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Dying cells actively regulate adaptive immune responses

Key Points

  • Dendritic cells (DCs) can take up dying cells and cross-present antigens derived from the dying cells to antigen-specific CD8+ T cells. Efficient T cell cross-priming is dependent on a set of immunological signals provided by dying cells.

  • Dying cells expose and release 'find-me' and 'eat-me' signals to attract and stimulate phagocytosis. They also release immune-stimulatory molecules known as damage-associated molecular patterns (DAMPs), which can be sensed by phagocytes.

  • Cell death pathways are interconnected with innate immune pathways, resulting in simultaneous execution of cell death and activation of inflammatory pathways within dying cells.

  • Molecules that are generated de novo as a consequence of the programmed cell death and inflammatory pathways within dying cells are named inducible DAMPs (iDAMPs), in contrast to constitutive DAMPs (cDAMPs), which are present before the initiation of cell death. Hence, iDAMPs released by dying cells reflect the various stress pathways that are engaged during cell death.

  • iDAMPs may be the products of active RNA transcription and protein translation (for example, nuclear factor-κB-dependent inflammatory cytokines), or post-translational protein modifications (such as pro-interleukin-1β cleavage by caspase 1), or protein aggregates that propagate signalling upon phagocytosis (such as apoptosis-associated speck-like protein containing a CARD (ASC) specks).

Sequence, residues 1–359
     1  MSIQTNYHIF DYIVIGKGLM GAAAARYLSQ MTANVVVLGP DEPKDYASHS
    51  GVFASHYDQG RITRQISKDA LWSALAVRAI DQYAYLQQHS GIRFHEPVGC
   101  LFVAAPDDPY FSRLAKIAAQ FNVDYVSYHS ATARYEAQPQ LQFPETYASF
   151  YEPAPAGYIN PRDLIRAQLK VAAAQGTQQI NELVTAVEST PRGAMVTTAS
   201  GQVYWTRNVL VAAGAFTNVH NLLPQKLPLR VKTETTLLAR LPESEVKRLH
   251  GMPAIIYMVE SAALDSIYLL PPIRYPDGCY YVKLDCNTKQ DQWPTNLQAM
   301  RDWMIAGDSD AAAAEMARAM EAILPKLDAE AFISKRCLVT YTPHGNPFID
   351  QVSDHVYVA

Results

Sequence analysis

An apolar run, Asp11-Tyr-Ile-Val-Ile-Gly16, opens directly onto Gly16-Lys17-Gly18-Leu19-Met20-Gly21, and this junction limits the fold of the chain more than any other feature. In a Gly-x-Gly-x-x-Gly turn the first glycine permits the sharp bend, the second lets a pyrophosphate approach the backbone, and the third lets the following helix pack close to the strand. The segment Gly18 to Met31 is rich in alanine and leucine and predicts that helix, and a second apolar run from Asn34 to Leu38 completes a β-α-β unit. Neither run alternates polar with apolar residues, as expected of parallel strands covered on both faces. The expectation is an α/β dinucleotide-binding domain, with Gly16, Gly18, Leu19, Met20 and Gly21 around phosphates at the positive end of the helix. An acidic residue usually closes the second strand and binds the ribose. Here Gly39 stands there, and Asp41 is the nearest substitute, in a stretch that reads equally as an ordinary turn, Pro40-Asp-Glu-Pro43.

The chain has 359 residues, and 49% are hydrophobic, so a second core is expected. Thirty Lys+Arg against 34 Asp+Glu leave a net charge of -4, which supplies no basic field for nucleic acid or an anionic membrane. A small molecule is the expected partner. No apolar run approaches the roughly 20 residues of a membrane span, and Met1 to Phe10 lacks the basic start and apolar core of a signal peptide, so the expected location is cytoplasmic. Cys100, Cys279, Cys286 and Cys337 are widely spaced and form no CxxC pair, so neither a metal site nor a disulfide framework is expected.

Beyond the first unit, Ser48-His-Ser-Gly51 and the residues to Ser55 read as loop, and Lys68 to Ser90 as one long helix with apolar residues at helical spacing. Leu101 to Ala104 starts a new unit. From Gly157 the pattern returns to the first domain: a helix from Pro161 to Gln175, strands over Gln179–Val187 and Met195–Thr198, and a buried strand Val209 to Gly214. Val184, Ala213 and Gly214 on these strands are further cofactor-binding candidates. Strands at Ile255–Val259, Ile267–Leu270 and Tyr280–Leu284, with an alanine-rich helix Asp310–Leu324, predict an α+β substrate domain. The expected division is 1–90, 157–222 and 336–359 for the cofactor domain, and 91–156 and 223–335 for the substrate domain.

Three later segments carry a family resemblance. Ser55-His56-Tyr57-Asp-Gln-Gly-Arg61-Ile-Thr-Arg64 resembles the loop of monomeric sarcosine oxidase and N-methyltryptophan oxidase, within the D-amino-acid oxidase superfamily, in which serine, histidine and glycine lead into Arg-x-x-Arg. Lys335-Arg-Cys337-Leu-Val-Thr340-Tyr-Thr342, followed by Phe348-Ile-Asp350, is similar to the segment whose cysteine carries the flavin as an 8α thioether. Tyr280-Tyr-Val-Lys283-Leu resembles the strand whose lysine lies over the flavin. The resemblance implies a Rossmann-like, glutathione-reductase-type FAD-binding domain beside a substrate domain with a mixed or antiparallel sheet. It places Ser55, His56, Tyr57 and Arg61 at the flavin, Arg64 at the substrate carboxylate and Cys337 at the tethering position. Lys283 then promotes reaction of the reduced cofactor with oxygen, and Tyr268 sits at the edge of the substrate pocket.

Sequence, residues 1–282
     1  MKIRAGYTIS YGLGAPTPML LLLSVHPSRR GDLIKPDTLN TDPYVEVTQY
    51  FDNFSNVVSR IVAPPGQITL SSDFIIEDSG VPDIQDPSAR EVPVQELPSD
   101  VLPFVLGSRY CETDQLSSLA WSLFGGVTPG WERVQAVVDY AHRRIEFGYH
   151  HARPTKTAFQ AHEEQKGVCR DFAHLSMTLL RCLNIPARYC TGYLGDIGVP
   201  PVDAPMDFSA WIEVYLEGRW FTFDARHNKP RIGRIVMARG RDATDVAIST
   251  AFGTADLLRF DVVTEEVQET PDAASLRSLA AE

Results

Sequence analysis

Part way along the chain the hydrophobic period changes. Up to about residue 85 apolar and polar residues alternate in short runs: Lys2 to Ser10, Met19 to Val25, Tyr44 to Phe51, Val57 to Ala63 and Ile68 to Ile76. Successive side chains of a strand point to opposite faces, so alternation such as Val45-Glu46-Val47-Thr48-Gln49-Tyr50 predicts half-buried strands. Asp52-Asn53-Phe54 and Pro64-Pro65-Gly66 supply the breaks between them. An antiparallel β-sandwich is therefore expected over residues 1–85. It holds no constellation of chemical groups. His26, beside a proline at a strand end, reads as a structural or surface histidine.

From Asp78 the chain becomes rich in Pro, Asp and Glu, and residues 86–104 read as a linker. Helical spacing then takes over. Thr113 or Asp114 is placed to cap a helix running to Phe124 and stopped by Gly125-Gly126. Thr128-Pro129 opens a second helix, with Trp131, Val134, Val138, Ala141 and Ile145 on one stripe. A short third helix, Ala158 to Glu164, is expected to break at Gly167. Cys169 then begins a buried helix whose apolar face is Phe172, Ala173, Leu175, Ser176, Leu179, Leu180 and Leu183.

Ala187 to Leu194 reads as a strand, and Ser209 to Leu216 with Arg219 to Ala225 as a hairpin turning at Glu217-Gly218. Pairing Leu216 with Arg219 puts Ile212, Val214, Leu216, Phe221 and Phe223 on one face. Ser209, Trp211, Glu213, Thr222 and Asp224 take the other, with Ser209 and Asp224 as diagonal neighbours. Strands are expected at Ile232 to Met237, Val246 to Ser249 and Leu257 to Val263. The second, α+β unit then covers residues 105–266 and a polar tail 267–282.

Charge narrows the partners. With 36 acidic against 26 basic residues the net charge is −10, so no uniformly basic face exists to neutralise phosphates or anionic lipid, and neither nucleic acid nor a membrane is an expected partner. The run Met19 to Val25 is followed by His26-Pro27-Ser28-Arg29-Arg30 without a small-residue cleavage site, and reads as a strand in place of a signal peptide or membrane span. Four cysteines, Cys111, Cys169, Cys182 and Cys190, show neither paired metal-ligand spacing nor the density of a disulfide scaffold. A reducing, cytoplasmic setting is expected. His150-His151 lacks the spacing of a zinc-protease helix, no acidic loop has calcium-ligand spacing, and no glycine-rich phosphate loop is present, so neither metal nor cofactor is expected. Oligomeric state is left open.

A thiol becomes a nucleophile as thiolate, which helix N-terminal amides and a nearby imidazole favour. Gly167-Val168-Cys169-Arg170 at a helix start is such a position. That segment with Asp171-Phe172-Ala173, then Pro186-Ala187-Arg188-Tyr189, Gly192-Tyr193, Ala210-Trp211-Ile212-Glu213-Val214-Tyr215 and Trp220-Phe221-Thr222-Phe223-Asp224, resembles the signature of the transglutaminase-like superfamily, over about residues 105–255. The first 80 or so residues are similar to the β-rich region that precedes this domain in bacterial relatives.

• In the cascade of immunological signals that leads to T cell priming, the activation of innate immune pathways within dying cells is an early immune signal that actively regulates the adaptive immune response.

Abstract

Dying cells have an important role in the initiation of CD8+ T cell-mediated immunity. The cross-presentation of antigens derived from dying cells enables dendritic cells to present exogenous tissue-restricted or tumour-restricted proteins on MHC class I molecules. Importantly, this pathway has been implicated in multiple autoimmune diseases and accounts for the priming of tumour antigen-specific T cells. Recent data have revealed that in addition to antigen, dying cells provide inflammatory and immunogenic signals that determine the efficiency of CD8+ T cell cross-priming. The complexity of these signals has been evidenced by the multiple molecular pathways that result in cell death and that have now been shown to differentially influence antigen transfer and immunity. In this Review, we provide a detailed summary of both the passive and active signals that are generated by dying cells during their initiation of CD8+ T cell-mediated immunity. We propose that molecules generated alongside cell death pathways — inducible damage-associated molecular patterns (iDAMPs) — are upstream immunological cues that actively regulate adaptive immunity.

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Figure 1: A timeline of the history of discoveries and concepts in the study of cell death and cross-priming.
Figure 2: Cell death pathways are upstream drivers of adaptive immunity.
Figure 3: The ripoptosome integrates cell stress, innate immune and cell death signalling pathways.
Figure 4: Immunological classification of cell death.

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Acknowledgements

The authors thank I. Mellman for critical reading of the manuscript, and the reviewers for their constructive feedback and suggestions. They also thank the Agence Nationale de la Recherche, France, and the Liliane Bettencourt School of INSERM, Paris, France, for their support of this work.

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Glossary

Antigens

Substances or molecules that are capable of binding to an antibody or a T cell receptor.

Cross-priming

A functional outcome of cross-presentation, whereby antigen-specific naive CD8+ T cells are activated to become cytotoxic T lymphocytes. To be fully activated, CD8+ T cells require at least three signals. Cross-priming is essential for tumour immunity, autoimmunity and viral immunity in instances in which the antigens are not endogenously synthesized by dendritic cells.